Democratic Tony Evers/Mandela Barnes 1,324,648 49.6
Republican Scott Walker/Rebecca Kleefisch (Incumbent) 1,293,799 48.4
Libertarian Phil Anderson/Patrick Baird 20,320 0.8
Democratic gain from Republican
2014 Wisconsin gubernatorial election[54]
Party Candidate Votes %
Republican Scott Walker/Rebecca Kleefisch (Incumbent) 1,259,031 52.29
Democratic Mary Burke/John Lehman 1,121,490 46.58
Libertarian Robert Burke/Joseph Brost 18,375 0.49
Independent Dennis Fehr 9,004 0.37
Majority 137,541 5.71%
Total votes 2,407,900 100
Republican hold
2012 Wisconsin lieutenant governor recall election[55]
Party Candidate Votes %
Republican Rebecca Kleefisch (Incumbent) 1,301,739 52.9
Democratic Mahlon Mitchell 1,156,520 47.1
Total votes 2,458,259 100.0
Republican hold
2010 Wisconsin gubernatorial election[56]
Party Candidate Votes % ±%
Republican Scott Walker/ Rebecca Kleefisch 1,128,941 52.29% +6.93%
Democratic Tom Barrett/ Tom Nelson 1,004,303 46.52% -6.24%
Independent Third Party/ Write-In 25,730 1.19%
Majority 124,638 5.77% -1.62%
Turnout 2,158,974
Republican gain from Democratic Swing
2010 Wisconsin lieutenant governor Republican primary election
Party Candidate Votes % ±
Republican Rebecca Kleefisch 258,714 46.78
Republican Brett Davis 139,997 25.31
Republican Dave Ross 80,617 14.58
Republican Robert Gerald Lorge 52,076 9.42
Republican Nick Voegeli 21,040 3.80

See also[edit]


  1. ^ 'Wisconsin Blue Book 2011–2012,' Biographical Sketch of Rebecca Kleefisch, pg. 4
  2. ^ "Walker wins governor's race on promise of jobs", Milwaukee Journal Sentinel, November 3, 2010.
  3. ^ "Tim Michels defeats Rebecca Kleefisch, advances to Wisconsin governor's race against Democrat Tony Evers". Retrieved August 9, 2022.
  4. ^ a b Redman, Henry (August 3, 2022). "Opposition to abortion ban exemptions leaves child sex assault victims with limited options". Wisconsin Examiner. Retrieved August 4, 2022.
  5. ^ a b Sykes, Charlie. "Update: Rebecca Kleefisch Announces". WTMJ (AM). Retrieved December 29, 2010.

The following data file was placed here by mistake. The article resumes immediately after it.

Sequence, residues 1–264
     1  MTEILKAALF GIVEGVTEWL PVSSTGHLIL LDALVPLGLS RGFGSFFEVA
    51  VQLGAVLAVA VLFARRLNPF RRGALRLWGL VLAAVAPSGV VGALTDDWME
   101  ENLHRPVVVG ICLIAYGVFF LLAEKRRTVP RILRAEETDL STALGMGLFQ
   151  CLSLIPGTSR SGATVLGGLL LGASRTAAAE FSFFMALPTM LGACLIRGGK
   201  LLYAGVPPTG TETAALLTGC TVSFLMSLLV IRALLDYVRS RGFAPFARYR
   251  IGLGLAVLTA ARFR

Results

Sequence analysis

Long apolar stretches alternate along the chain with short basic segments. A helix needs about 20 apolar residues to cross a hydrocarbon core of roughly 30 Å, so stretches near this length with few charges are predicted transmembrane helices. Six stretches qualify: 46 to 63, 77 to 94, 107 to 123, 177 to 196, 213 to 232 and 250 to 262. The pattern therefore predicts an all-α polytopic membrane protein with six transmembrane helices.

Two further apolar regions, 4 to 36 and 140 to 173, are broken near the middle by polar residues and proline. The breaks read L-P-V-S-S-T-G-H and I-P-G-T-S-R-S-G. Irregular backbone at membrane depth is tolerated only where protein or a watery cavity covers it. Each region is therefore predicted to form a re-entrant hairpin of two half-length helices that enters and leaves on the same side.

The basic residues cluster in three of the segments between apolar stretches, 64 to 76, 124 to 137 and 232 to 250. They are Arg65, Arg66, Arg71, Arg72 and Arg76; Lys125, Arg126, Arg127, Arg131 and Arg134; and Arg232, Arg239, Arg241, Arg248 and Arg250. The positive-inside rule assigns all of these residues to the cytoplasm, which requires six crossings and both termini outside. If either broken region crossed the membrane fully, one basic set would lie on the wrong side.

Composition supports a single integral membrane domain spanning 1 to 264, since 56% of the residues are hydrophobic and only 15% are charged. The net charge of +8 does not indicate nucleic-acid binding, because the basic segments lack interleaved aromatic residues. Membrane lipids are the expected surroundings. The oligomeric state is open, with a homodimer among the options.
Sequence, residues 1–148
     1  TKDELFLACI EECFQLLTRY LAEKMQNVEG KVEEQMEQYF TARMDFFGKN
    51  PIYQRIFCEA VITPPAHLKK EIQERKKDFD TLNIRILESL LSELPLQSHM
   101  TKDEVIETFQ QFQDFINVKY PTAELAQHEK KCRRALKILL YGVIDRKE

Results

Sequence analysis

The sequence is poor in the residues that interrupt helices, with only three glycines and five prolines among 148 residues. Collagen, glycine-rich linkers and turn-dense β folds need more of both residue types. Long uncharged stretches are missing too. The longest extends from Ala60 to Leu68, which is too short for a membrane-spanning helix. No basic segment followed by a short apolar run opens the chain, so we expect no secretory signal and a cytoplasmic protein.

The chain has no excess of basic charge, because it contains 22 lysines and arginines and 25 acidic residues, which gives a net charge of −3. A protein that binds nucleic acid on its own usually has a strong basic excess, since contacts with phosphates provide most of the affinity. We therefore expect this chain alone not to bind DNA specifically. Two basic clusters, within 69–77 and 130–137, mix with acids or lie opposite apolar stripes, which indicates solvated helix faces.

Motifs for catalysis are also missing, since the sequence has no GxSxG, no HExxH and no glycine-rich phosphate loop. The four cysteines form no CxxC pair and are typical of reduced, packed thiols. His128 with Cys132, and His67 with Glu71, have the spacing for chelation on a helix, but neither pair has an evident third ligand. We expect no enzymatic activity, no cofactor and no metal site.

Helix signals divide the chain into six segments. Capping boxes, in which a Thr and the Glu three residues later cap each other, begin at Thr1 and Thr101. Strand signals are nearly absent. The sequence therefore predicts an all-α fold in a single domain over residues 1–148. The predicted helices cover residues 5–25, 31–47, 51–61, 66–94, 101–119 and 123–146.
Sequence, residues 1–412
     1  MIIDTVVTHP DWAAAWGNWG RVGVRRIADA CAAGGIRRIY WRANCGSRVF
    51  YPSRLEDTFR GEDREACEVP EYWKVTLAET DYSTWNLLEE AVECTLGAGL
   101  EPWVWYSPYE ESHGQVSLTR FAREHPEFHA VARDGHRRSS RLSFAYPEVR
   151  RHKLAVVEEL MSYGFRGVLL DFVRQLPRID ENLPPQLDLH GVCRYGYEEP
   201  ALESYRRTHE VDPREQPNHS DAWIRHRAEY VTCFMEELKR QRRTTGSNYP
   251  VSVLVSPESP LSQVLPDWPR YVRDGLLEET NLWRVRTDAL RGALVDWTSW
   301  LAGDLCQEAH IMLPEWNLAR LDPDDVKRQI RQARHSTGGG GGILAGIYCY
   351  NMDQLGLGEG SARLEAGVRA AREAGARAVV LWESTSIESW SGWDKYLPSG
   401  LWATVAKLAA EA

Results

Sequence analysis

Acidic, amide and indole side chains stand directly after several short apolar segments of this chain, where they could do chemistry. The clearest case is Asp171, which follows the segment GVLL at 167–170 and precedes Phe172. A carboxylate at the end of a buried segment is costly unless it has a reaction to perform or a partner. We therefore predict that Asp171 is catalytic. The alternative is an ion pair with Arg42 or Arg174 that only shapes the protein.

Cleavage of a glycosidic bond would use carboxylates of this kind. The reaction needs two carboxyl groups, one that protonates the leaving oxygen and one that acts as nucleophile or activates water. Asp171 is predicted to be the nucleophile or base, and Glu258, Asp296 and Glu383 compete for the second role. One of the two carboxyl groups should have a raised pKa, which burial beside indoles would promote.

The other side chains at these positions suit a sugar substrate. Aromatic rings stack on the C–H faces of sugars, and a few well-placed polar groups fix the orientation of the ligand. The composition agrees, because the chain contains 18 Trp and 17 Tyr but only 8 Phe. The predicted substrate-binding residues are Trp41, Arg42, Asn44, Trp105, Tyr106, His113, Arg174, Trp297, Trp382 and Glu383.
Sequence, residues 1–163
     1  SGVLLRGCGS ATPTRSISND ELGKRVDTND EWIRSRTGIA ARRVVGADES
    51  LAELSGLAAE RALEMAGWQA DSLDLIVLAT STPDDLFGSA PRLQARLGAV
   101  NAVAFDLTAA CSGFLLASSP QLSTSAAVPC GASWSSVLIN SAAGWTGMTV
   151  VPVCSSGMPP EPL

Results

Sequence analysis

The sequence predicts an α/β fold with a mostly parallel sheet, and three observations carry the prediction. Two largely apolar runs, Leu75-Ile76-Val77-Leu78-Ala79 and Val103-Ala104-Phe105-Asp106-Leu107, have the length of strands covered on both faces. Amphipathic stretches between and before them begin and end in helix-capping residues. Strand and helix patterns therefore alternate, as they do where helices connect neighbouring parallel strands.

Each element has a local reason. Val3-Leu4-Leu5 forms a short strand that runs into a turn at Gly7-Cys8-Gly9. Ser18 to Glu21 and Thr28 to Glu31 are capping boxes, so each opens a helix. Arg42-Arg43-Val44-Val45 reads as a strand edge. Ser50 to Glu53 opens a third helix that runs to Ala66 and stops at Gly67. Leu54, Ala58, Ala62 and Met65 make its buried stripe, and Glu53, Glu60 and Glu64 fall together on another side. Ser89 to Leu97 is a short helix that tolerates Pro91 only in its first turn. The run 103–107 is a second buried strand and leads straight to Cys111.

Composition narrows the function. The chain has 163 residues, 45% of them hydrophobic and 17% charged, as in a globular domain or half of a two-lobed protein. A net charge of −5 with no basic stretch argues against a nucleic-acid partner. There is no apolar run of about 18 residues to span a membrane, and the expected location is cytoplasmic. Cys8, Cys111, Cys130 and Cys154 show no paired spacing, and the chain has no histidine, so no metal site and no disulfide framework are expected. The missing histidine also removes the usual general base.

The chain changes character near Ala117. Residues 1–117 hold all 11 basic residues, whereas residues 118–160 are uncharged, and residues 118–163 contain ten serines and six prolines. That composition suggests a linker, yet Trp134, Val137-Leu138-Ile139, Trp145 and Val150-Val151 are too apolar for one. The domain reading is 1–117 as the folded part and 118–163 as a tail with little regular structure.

6. ^ "Views on abortion to shake up campaigns, upcoming elections in Wisconsin". CBS58. Retrieved May 6, 2022.
  7. ^ "UPFRONT: Evers, Kleefisch comment on abortion law". Retrieved August 2, 2022.
  8. ^ WITI: Rebecca Kleefisch Opposes Exceptions for Rape and Incest in Abortion Law, retrieved August 4, 2022
  9. ^ "Upfront: Evers, Kleefisch comment on abortion law". WBAY. June 26, 2022. Retrieved August 4, 2022.
  10. ^ "Kleefisch post on Facebook". Facebook. Retrieved August 4, 2022.
  11. ^ Bice, Daniel (October 28, 2010). "Kleefisch's uncle objects to anti-gay marriage statement". Milwaukee Journal Sentinel. Retrieved January 13, 2011.
  12. ^ "Kleefisch apologizes for gay marriage comment", The Boston Globe, October 28, 2010.
  13. ^ Shahid, Aliyah (October 29, 2010). "GOP candidate, Rebecca Kleefisch, in Wisconsin: Sorry for comparing gay marriage to marrying a dog". New York Daily News. Retrieved January 13, 2011.
  14. ^ "WI GOPer Apologizes For Comparing Gay Marriage To Bestiality Or Marrying A Table", Talking Points Memo DC, October 29, 2010.
  15. ^ "After Comments, Kleefisch's Gay Uncle Supporting Opponent", WISN 12 News, October 28, 2010.
  16. ^ Fannon, Emilee. "Kleefisch supports upholding access to birth control, gay marriage as some fear rollback of civil liberties". Retrieved August 2, 2022.
  17. ^ Beck, Molly. "Lt. Gov. Rebecca Kleefisch, a cancer survivor, pushes back on ad suggesting pre-existing conditions protections are in jeopardy". Milwaukee Journal Sentinel. Retrieved June 20, 2021.
  18. ^ Marley, Patrick. "Rebecca Kleefisch nods at moving Wisconsin to a flat income tax as she pursues run for governor". Retrieved August 2, 2022.
  19. ^ Johnson, Shawn. "Republicans signal support for paid family leave in governor's debate". Retrieved August 2, 2022.
  20. ^ Kleefisch, Rebecca. "Is it cold or is it just me?". RebeccaforReal. Archived from the original on June 5, 2012. Retrieved June 5, 2012.
  21. ^ Daniel Bice (October 19, 2021). "Kleefisch, once recall critic, backs Mequon-Thiensville school recall". Milwaukee Journal Sentinel.
  22. ^ Kleefisch proposes shifting some election duties to DOJ, Associated Press (February 14, 2022).
  23. ^ Oppenheim, Oren. "At Trump event, Rebecca Kleefisch criticizes state leadership on Kenosha shooting". Milwaukee Journal Sentinel. Retrieved June 20, 2021.